### map1 edits first pass

parent d53bc95c
This diff is collapsed.
 ... ... @@ -10787,7 +10787,7 @@ \end{ans} \subsection{Subsection Three.I.2: Dimension Characterizes Isomorphism} \begin{ans}{Three.I.2.8} \begin{ans}{Three.I.2.9} Each pair of spaces is isomorphic if and only if the two have the same dimension. We can, when there is an isomorphism, state ... ... @@ -10819,7 +10819,7 @@ \end{exparts} \end{ans} \begin{ans}{Three.I.2.9} \begin{ans}{Three.I.2.10} \begin{exparts*} \partsitem $$\rep{3-2x}{B}=\colvec[r]{5 \\ -2}$$ \partsitem $$\colvec[r]{0 \\ 2}$$ ... ... @@ -10827,25 +10827,25 @@ \end{exparts*} \end{ans} \begin{ans}{Three.I.2.10} \begin{ans}{Three.I.2.11} They have different dimensions. \end{ans} \begin{ans}{Three.I.2.11} \begin{ans}{Three.I.2.12} Yes, both are $$mn$$-dimensional. \end{ans} \begin{ans}{Three.I.2.12} \begin{ans}{Three.I.2.13} Yes, any two (nondegenerate) planes are both two-dimensional vector spaces. \end{ans} \begin{ans}{Three.I.2.13} \begin{ans}{Three.I.2.14} There are many answers, one is the set of $$\polyspace_k$$ (taking $$\polyspace_{-1}$$ to be the trivial vector space). \end{ans} \begin{ans}{Three.I.2.14} \begin{ans}{Three.I.2.15} False (except when $$n=0$$). For instance, if $$\map{f}{V}{\Re^n}$$ is an isomorphism then multiplying by any ... ... @@ -10854,7 +10854,7 @@ possible is $\zero_V\mapsto 0_W$.) \end{ans} \begin{ans}{Three.I.2.15} \begin{ans}{Three.I.2.16} No. A proper subspace has a strictly lower dimension than it's superspace; if $U$ is a proper subspace of $V$ then any linearly independent subset ... ... @@ -10862,7 +10862,7 @@ be a basis for $V$, and $U$ wouldn't be proper. \end{ans} \begin{ans}{Three.I.2.16} \begin{ans}{Three.I.2.17} Where $$B=\sequence{\vec{\beta}_1,\ldots,\vec{\beta}_n}$$, the inverse is this. \begin{equation*} ... ... @@ -10871,11 +10871,11 @@ \end{equation*} \end{ans} \begin{ans}{Three.I.2.17} \begin{ans}{Three.I.2.18} All three spaces have dimension equal to the rank of the matrix. \end{ans} \begin{ans}{Three.I.2.18} \begin{ans}{Three.I.2.19} We must show that if $$\vec{a}=\vec{b}$$ then $$f(\vec{a})=f(\vec{b})$$. So suppose that ... ... @@ -10894,11 +10894,11 @@ and so the function is well-defined. \end{ans} \begin{ans}{Three.I.2.19} \begin{ans}{Three.I.2.20} Yes, because a zero-dimensional space is a trivial space. \end{ans} \begin{ans}{Three.I.2.20} \begin{ans}{Three.I.2.21} \begin{exparts} \partsitem No, this collection has no spaces of odd dimension. \partsitem Yes, because $\polyspace_{k}\isomorphicto\Re^{k+1}$. ... ... @@ -10907,7 +10907,7 @@ \end{exparts} \end{ans} \begin{ans}{Three.I.2.21} \begin{ans}{Three.I.2.22} One direction is easy:~if the two are isomorphic via $$f$$ then for any basis $$B\subseteq V$$, the set $$D=f(B)$$ is also a basis (this is shown in ... ... @@ -10935,7 +10935,7 @@ and the scalar multiplication calculation is similar. \end{ans} \begin{ans}{Three.I.2.22} \begin{ans}{Three.I.2.23} \begin{exparts} \partsitem Pulling the definition back from $$\Re^4$$ to $$\polyspace_3$$ ... ... @@ -10950,7 +10950,7 @@ \end{exparts} \end{ans} \begin{ans}{Three.I.2.23} \begin{ans}{Three.I.2.24} Yes. Assume that $$V$$ is a vector space with basis ... ... @@ -10990,7 +10990,7 @@ Preservation of scalar multiplication is similar. \end{ans} \begin{ans}{Three.I.2.24} \begin{ans}{Three.I.2.25} Because $$V_1\intersection V_2=\set{\zero_V}$$ and $$f$$ is one-to-one we have that $$f(V_1)\intersection f(V_2)=\set{\zero_U}$$. To finish, count the dimensions: ... ... @@ -10998,7 +10998,7 @@ as required. \end{ans} \begin{ans}{Three.I.2.25} \begin{ans}{Three.I.2.26} Rational numbers have many representations, e.g., $$1/2=3/6$$, and the numerators can vary among representations.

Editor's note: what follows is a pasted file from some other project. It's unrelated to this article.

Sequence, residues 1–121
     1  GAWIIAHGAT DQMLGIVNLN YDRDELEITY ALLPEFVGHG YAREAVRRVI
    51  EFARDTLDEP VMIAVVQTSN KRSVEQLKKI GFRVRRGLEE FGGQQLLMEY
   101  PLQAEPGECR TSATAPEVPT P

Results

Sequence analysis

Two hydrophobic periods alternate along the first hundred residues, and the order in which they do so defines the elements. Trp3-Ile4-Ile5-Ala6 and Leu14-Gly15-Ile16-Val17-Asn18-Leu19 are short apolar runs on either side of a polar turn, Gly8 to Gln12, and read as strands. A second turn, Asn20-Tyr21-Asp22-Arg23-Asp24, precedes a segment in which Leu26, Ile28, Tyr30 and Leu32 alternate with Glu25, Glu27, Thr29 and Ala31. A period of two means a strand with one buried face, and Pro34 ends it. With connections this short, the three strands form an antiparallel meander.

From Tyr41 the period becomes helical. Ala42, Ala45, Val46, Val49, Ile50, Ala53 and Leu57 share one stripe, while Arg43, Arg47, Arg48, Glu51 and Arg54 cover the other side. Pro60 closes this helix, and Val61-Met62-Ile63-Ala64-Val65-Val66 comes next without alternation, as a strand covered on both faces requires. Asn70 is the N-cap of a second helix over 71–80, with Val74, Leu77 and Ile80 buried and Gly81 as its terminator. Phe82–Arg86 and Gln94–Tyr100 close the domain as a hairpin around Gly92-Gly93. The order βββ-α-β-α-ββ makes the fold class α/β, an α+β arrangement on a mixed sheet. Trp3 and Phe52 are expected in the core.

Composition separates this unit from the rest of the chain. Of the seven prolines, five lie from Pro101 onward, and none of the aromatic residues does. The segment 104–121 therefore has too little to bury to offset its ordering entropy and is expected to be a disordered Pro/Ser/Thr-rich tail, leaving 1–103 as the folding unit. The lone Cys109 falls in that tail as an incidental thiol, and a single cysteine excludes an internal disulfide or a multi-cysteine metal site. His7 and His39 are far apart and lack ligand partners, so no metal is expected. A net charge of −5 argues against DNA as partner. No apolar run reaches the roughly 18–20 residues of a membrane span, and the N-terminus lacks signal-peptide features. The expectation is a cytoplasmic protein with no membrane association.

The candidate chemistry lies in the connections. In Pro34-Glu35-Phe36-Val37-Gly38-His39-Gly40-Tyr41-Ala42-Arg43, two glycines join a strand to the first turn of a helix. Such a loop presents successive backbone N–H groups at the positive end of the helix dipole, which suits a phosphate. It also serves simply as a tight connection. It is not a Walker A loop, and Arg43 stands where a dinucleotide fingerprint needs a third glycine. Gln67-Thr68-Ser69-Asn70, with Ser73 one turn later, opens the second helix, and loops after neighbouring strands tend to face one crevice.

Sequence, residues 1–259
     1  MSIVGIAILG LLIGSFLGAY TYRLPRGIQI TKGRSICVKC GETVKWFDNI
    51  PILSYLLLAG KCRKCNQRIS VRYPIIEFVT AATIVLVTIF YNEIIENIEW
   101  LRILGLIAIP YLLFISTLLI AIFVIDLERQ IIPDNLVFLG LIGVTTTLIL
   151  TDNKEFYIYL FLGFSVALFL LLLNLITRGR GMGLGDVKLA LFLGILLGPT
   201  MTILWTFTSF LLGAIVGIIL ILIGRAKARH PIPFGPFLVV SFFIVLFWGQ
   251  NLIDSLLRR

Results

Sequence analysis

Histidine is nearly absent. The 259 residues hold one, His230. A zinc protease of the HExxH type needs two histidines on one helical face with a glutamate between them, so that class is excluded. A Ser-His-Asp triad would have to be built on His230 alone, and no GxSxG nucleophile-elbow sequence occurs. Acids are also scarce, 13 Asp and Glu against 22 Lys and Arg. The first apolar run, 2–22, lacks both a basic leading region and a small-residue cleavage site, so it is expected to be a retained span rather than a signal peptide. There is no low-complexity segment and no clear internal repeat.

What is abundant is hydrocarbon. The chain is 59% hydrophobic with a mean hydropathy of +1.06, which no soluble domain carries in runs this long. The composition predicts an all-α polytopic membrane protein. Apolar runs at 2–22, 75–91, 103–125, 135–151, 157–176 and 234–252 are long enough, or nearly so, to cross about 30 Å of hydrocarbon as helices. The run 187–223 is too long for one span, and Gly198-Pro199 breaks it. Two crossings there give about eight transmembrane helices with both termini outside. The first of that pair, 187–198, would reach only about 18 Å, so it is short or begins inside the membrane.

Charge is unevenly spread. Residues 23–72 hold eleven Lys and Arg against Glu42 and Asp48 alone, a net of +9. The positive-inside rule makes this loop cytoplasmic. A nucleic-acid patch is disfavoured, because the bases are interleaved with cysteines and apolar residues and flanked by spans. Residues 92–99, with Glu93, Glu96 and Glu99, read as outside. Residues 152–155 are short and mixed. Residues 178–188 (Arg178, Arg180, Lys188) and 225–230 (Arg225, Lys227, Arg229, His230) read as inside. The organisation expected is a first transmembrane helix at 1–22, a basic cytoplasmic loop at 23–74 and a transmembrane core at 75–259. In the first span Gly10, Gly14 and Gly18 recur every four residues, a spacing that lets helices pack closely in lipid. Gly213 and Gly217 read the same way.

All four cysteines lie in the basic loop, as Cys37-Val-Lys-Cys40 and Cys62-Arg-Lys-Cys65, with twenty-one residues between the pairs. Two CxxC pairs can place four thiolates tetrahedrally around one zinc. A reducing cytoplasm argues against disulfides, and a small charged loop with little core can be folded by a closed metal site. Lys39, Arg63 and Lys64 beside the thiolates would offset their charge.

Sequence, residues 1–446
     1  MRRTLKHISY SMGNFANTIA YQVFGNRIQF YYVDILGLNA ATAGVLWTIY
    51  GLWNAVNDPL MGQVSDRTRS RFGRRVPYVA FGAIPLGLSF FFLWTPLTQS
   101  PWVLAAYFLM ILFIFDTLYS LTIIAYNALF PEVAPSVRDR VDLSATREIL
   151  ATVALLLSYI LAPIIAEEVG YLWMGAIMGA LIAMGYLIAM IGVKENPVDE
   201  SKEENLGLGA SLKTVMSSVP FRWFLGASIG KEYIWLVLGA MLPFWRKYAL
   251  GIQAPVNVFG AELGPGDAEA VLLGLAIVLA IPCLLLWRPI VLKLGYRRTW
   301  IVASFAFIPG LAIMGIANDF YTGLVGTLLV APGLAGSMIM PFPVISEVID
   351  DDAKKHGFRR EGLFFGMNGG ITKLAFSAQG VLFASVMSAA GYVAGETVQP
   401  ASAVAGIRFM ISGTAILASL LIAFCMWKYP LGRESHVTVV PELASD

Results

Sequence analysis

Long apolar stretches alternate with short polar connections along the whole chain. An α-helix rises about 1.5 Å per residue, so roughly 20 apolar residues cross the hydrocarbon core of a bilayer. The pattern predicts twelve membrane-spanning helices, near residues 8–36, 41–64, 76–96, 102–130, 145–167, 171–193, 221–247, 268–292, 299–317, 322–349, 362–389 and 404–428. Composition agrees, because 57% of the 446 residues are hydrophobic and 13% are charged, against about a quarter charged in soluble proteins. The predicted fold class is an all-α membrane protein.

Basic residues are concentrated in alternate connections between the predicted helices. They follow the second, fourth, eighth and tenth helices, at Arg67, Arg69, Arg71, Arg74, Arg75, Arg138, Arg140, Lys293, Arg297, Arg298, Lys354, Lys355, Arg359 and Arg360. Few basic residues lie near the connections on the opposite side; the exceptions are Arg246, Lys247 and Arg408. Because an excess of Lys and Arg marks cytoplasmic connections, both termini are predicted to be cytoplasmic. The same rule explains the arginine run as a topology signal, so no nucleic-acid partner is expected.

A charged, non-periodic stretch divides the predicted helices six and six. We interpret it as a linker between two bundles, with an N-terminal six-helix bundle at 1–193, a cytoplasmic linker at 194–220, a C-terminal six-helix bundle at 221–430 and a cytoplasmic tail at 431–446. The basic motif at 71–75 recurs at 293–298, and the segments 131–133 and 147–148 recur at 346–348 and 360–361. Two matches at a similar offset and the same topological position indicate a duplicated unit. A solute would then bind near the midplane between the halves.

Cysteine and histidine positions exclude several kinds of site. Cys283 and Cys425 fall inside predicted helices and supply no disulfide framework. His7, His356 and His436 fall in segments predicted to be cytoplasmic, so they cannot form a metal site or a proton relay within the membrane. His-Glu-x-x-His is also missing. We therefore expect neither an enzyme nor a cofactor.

This diff is collapsed.
This diff is collapsed.
Markdown is supported
0% or
You are about to add 0 people to the discussion. Proceed with caution.
Finish editing this message first!